are able.

5) Security. You predicted some major security breaches that would drive
the rest of the productive Internet to safety. Didn't happen. I don't think
it will happen, so you lose on this one.

6) Compatibility. You predicted IPv6 would tear the Web. Didn't happen.
Won't happen. No credit.

7) Capacity. Collapse. Didn't happen. You did say the naive flat-rate
business model is slowly changing. Give you partial credit for that.

8) Privacy. You said there would be some well-publicized privacy
violations, but that didn't happen. I don't think it will happen. No credit.

9) Video. If the Internet succeeds in carrying video, then it will collapse.
It didn't happen and I don't think it will. The ISPs that I know that are
doing video are doing it conservatively and the hobbyist video conferencing
suffers from incompatible standards and poor directories, stunting its
growth and resultant traffic loads. I don't think you got this one.

10) Pornography. This prediction wasn't exactly clear to me, but neither
the availability of pornography on the Net nor troubles downloading it
caused the Internet to collapse and it never will. You missed this one.

Four out of ten, the scorecard looks pretty good, because pundits, like
baseball hitters, never get many home runs. Even when you are on the mark,
it's hard to get the timing right.

I think on the whole, you were and are correct about the money, the
business models, and the difficulty of advertising revenue. While those
issues haven't caused collapse, they are certainly still threats. You are
essentially correct on these issues, in my view.

With respect to the catastrophies, you outlined some plausible ones, but
you were and are fundamentally wrong on this. Security, privacy and
pornography catastrophies haven't killed the Net. Capacity issues haven't
killed the Net. While I can't say that nothing will ever kill the Net, I
believe that to be true. I think where your column falls short is that back
then and more so today, the Internet is an unstoppable phenomenon and
nothing will ever kill it dead. We are too far past Ethernet, DECNET, XNS,
and all the rest to ever turn back. So I think you were and are
fundamentally wrong on this point. There may well be a gigalapse in future,
but by that time we will have tera- numbers of users. So when the time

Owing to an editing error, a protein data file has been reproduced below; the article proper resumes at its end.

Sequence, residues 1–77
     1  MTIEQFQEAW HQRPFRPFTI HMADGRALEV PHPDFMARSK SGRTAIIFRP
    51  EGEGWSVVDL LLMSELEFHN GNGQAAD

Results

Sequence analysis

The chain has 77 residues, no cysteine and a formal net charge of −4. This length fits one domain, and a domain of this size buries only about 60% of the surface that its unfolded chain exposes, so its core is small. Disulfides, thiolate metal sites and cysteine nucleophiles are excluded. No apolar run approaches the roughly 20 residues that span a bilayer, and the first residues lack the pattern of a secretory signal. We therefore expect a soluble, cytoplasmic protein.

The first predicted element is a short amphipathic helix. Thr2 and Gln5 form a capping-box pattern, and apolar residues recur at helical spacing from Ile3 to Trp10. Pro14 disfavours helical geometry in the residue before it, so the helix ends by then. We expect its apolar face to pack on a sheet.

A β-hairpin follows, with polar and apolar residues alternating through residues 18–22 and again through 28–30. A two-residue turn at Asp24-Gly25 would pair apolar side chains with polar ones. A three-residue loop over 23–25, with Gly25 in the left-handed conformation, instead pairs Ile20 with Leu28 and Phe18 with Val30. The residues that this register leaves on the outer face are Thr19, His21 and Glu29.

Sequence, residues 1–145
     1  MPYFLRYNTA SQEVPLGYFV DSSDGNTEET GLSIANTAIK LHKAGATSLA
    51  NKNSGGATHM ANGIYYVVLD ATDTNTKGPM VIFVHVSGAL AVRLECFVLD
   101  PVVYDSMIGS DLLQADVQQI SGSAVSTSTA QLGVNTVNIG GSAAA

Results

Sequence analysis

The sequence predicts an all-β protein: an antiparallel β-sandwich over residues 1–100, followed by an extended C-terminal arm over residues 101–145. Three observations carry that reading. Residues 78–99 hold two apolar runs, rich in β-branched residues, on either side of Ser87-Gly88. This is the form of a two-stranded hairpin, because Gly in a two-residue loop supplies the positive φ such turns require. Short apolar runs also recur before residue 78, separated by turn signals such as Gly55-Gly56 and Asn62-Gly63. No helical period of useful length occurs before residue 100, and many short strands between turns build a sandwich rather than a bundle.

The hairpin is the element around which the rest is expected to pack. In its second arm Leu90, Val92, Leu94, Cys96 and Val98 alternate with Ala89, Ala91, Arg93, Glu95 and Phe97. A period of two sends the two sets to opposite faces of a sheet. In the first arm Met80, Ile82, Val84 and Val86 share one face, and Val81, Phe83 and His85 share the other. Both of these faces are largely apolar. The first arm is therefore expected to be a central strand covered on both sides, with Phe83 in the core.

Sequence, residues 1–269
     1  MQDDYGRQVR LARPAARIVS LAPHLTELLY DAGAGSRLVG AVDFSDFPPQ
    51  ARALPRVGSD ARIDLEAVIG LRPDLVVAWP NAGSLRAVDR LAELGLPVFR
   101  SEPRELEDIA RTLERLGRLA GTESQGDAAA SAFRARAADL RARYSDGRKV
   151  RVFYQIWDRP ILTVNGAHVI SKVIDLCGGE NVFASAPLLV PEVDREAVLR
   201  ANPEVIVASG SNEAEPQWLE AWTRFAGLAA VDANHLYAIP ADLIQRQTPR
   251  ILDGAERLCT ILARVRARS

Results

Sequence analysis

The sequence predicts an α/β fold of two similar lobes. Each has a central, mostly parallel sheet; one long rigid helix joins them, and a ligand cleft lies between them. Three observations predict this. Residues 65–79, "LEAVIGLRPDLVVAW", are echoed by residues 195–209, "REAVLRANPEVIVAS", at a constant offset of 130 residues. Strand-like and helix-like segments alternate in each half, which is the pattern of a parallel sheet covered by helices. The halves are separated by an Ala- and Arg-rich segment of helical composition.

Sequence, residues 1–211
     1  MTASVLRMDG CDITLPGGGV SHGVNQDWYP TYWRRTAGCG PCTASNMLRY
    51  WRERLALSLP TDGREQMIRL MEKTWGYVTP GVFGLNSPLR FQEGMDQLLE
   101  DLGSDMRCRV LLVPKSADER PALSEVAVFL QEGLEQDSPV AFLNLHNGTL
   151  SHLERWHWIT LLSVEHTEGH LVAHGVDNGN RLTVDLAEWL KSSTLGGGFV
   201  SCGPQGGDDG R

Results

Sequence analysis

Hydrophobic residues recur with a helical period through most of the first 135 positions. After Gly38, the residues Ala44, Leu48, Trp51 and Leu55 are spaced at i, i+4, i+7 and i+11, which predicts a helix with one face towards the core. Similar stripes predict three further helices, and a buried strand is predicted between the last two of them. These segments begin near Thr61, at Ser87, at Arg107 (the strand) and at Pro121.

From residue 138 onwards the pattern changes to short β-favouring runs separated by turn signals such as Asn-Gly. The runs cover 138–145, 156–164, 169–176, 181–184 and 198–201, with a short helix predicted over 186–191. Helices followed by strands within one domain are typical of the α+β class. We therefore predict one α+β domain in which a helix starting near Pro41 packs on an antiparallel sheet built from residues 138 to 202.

comes and a gigalapse happens this year or next, don't pretend you were
right after all, because it is only the unending scaling of the Net that
will ever make a gigalapse prediction come true.

You've learned a lot in the last year. I'm sure you're not ready to hide in
a cave and leave us alone. I suppose on the whole that is to the good,
because while you may not be right about the collapse or understand why it
won't happen as you think, you certainly know a thing or two about
technology, you are a good writer, and I think you know 300% more about the
Internet than you did when you wrote that column. Just stop calling us the
Internetgensia. It's too hard to say. :slight_smile:

In future, I'd advise that your Chicken Little columns be printed in
InfoWorld in special inserts on rice paper. It would seem that your blender
pulp was quite a stomachful and I wouldn't feel right if you collapsed with
an intestinal blockage at some future NANOG, should you have to eat another
column. On the other hand, keep hitting on the economic models and keep
publishing your previews of new and interesting technologies and startups
that might just show us new models that might work.

Luck to us all.


~~~~~ ~~~~~ ~~~~~ ~~~~~ Note new area code ~~~~ ~~~~~ ~~~~~ ~~~~~ ~~~~
Kent W. England Six Sigma Networks
1655 Landquist Drive, Suite 100 Voice/Fax: 760.632.8400
Encinitas, CA 92024
Experienced Internet Consulting ~~~~~ ~~~~~ ~~~~~ ~~~~~ ~~~~~ ~~~~
(If you can't reach me using 760 area code, use the old 619 instead.)

<sigh> Great, now we can all stop working the 20 hour days using spit and
duct tape to keep the net running. Hard bet to loose, hat's off to the
guys at the core for keeping it up and together.

Tim Gibson
NOC Manager
Skyscape Communciations